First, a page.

How will the new FCC 14-208 changes impact testing for wireless products?

Published on January 26, 2015

Archived Notice

This article has been archived and may contain broken links, photos and out-of-date information. If you have any questions, please Contact Us.

On December 30, 2014, the FCC released a report, FCC 14-208 (ET Docket No. 13-44), which includes a number of significant changes to FCC Parts 0, 1, 2, and 15 regarding authorization of RF equipment, as well as FCC Part 68 regarding approval of terminal equipment by the Telecommunication Certification Bodies (TCB).   Scheduled to go in effect on January 30, 2015 (30 days after release of the report), there are a number of critical changes that manufacturers of wireless products need to be aware of.  We will attempt to walk you through the key changes, and explain what impact they may have for your organization.

FCC will require test labs to be accredited in order to perform FCC Certification or DoC Testing               

Historically, test data for FCC Certification or DoC applications could be submitted by labs that were either accredited, or listed under FCC Part 2.948.  Accredited laboratories, such as LSR’s EMC facilities, undergo a stringent accreditation process to the requirements of ISO 17025.  Accredited labs must also complete a re-assessment every 2 years to retain their accreditation.  Moving forward the FCC and TCB’s will NOT be accepting test data from listed laboratories for FCC Certifications or DoC reports.

All labs that are currently not accredited will have a 1 year grace period to achieve accreditation.  The FCC will allow data from listed labs for a grace period of 15 months.  In addition to the rigorous accreditation process, this may require additional investments in site capabilities, lab equipment, and personnel in order to meet the standards.  Therefore, it is possible that a number of listed laboratories may choose not to pursue accreditation. If you are unsure if the lab you have historically used for your FCC testing is currently accredited, you can determine that from the FCC’s website, here

Where this change is likely to have its strongest impact is on the use of international testing laboratories.  The same accreditation requirements will apply for international laboratories. Previously, many of the laboratories in international countries were not on the FCC’s list of accredited laboratories. For example, in some places like China, none of the laboratories are on the FCC’s accredited laboratories list.  In the future, unless the country the lab is located in has an MRA (Mutual Recognition Agreement) in place with the FCC, such as EU, Japan and a few other countries, or has laboratories recognized as accredited by the FCC commission, they will no longer be able to provide test data that will be accepted for Certifications or DoC’s.   For a complete list of countries with an MRA in place with the FCC, click here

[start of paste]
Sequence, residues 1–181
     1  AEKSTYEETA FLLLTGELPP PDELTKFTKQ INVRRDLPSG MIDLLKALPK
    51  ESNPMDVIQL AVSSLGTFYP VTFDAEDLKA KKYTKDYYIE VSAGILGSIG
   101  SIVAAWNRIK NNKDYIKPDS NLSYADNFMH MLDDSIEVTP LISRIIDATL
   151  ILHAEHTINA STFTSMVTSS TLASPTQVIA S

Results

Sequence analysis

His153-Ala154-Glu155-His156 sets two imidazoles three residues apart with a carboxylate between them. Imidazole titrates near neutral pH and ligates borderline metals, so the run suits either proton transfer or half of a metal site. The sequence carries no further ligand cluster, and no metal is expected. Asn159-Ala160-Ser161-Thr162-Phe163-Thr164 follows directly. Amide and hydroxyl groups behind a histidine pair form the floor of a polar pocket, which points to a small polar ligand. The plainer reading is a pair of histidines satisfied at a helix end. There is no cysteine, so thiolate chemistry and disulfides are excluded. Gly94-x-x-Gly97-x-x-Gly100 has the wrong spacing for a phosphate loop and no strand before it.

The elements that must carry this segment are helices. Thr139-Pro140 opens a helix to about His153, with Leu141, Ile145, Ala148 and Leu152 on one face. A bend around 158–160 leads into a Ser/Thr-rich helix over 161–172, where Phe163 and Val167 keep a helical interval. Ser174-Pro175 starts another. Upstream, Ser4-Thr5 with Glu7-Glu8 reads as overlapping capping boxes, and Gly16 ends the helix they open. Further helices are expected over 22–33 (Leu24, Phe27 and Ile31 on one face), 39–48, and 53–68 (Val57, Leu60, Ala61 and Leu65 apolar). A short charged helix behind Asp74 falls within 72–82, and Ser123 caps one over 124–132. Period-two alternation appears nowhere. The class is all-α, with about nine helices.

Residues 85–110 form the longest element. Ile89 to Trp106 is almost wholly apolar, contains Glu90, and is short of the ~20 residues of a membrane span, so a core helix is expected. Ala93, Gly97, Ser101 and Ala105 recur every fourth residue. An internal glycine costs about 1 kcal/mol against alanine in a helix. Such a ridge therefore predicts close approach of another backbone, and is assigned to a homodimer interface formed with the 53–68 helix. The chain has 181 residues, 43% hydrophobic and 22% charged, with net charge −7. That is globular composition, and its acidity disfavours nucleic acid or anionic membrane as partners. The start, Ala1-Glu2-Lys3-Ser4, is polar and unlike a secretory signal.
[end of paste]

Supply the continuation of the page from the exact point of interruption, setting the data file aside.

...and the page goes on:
It’s important to note that this change does not apply for FCC Verification testing, which is the level of testing required for electric products that do not intentionally transmit wireless data or feature the FCC logo on its product packaging.  In those instances, listed labs can continue to provide the verification testing. 

FCC is giving TCB’s authority to process and grant all applications for FCC certification

For any product containing a wireless radio, FCC certification is required for marketing of the product in the US.  For quite some time, TCB’s have done the lion’s share of processing and granting applications for FCC certification, with just a small % being handled by the FCC directly.  This was especially the case when the product was utilizing an emerging technology.  Moving forward, all applications will be handled by TCBs.  For emerging technologies, a new “Pre-Grant Approval Process” has been defined for the TCBs to follow. 

What do these changes mean for LSR customers? 

These changes will have minimal impact for customers of LSR’s EMC Testing division, as LSR has been ISO/IEC 17025 accredited since 1997, and already has an established and strong relationships with its TCB. 

LSR is focused on providing the highest level of support and expertise for FCC testing, and is committed to remaining your trusted partner for these services moving forward amidst these changes.   Should you have questions about current or future projects, please reach out to an LSR account manager to discuss further.